Looking for constant inspiration while also inspiring those around you is a never-ending process. But Dina Faidi has been practicing this art of inspiration ever since she began her career. Dina founded Creativity & Beyond in 2001. She enjoys wearing multiple hats as a consultant, trainer, speaker, coach, mentor, educator, researcher, and design thinker. Dina is also a firm advocate for social responsibility and passionately offers her time, knowledge, and expertise to educate, mentor, and inspire youth and women.
In a chat with GLEAC, Dina spoke about the one person she owes her success to and the soft skills that have helped her so far. Take a look!
GLEAC: Who do you have to thank for a decision that you made that got you where you are today?
Dina: I have to thank my mother. She has been my pillar through and through. I lost my father at the early age of 13. My mother played the role of both parents effortlessly. I called her my cheerleader because when I was pursuing what was impossible, she always believed that I would be able to make it possible. Today I am where I am because she believed in me and made me truly believe that I can achieve anything I set my heart to.
GLEAC: If a future version of yourself had to thank you for something you are doing right now, what would it be for?
Dina: My future version will thank me for my perseverance. I never stopped despite the obstacles and always bounced back better. The future version of myself is still standing because my present self kept going. It will also thank me for building a career outside the 9-5 job and being my own boss.
GLEAC: What is your superpower soft skill? How do you use it in your job in your sector?
Dina: My superpower soft skill is my ability to empathize with others. In my line of business, it helped me relate to others. By putting myself in others’ shoes rather than simply claiming that I understand what they are going through, I give them the space to express their own emotions. I feel, especially in coaching, this helps my clients open up knowing that they are safe. I also have the superpower of looking at challenges as possibilities rather than obstacles. Trying to find solutions, and design them if need be. Always believe there is always a way.
As an entrepreneur, this skill is critical as facing challenges and giving up is not an option. Being flexible with a creative mind also helps in turning these challenges into new opportunities. In coaching, I use it with clients in opening up new channels of thinking in dealing with issues by helping them look at the issue from a totally different perspective. Lastly, I have a passion for learning. I am eager to learn and explore. Often look at myself as a lifelong learner. I use this to add value to my clients. And stay up to date on new research in my field and other areas and share it with my clients depending on the project at hand. Also, the passion for exploring makes interaction and communication interesting when working with companies. An exposed person is more interesting to listen to and that helps in interacting with people and building relationships in my line of business.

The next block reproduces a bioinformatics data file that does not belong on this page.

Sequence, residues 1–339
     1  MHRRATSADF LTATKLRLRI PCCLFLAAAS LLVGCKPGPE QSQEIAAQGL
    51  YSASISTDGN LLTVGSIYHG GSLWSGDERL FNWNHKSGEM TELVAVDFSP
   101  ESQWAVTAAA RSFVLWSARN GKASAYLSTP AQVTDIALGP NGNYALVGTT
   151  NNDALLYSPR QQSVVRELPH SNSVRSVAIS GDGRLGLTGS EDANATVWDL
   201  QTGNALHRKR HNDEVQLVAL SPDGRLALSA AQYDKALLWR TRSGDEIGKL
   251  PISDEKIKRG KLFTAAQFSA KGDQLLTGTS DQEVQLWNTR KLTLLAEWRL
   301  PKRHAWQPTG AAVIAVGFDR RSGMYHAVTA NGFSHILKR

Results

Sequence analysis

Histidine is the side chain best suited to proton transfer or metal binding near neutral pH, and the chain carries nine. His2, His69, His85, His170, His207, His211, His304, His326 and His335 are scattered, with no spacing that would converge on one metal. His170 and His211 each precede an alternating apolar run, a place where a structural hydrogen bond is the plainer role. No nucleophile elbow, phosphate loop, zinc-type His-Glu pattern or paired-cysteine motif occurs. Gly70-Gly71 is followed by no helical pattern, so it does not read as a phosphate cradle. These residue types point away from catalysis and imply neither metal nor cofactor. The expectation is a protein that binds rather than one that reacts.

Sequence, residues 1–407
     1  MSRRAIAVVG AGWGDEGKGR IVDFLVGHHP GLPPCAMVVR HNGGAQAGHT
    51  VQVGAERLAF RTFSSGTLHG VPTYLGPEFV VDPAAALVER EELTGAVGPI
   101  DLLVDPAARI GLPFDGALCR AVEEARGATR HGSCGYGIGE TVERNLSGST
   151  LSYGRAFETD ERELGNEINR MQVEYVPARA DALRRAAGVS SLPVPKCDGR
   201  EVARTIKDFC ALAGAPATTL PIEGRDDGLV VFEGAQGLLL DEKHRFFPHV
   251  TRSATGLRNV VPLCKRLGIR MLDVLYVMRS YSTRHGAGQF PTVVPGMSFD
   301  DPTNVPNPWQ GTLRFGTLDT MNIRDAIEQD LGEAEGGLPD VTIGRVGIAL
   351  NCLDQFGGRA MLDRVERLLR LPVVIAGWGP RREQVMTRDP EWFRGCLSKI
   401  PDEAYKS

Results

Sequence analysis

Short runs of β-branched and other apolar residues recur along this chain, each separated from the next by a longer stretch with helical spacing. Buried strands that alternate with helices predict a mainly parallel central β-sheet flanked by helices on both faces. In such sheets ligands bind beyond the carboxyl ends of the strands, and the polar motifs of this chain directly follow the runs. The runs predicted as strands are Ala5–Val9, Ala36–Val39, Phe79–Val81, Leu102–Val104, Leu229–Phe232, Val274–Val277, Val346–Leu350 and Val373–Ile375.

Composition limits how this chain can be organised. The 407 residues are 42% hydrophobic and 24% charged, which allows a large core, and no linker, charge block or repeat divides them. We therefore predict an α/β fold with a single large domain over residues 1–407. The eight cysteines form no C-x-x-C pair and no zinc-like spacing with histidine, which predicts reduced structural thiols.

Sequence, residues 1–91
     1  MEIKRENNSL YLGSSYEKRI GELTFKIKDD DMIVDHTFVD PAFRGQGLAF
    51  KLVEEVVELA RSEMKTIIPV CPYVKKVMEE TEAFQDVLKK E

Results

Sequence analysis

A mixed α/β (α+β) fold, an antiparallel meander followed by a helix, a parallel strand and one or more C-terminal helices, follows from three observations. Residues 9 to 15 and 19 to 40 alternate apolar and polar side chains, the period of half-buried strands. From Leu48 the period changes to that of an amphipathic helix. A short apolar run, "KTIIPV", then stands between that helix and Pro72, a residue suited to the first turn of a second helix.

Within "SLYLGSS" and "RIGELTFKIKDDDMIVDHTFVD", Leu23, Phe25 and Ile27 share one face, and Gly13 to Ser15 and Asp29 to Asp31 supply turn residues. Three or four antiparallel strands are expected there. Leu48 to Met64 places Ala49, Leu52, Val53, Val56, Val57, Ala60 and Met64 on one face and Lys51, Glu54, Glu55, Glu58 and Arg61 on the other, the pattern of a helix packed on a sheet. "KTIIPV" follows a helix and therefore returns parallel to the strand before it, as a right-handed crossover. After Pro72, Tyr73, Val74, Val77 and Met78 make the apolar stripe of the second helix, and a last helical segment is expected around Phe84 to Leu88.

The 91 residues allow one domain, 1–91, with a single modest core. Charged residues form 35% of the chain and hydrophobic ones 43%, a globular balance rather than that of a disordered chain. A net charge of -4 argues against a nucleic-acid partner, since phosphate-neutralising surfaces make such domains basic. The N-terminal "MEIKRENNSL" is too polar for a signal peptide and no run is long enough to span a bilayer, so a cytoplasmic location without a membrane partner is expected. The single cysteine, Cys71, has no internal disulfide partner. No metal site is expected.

GLEAC: What hard skills and soft skills are needed for your job?
Dina: The hard skills include the knowledge I’ve obtained from my degrees and accreditations in my field. This includes my doctorate in the science of learning, design thinking accreditation, lateral thinking, innovation, creativity, mind mapping, leadership, neuroscience, coaching, and facilitation. Research skills to obtain the latest research for jobs and clients at hand is also a plus in addition to technical and computer knowledge to design training programs and learning aids such as PowerPoint and other media.
Another essential hard skill is to deliver work on a virtual basis utilizing tools and applications. Language skills – especially in Arabic and English – have helped me as well. Soft skills are just as important. Some of the skills are presentation and communication, active listening, writing, negotiation and influencing, creative thinking, time management and planning, empathy, integrity, and perseverance.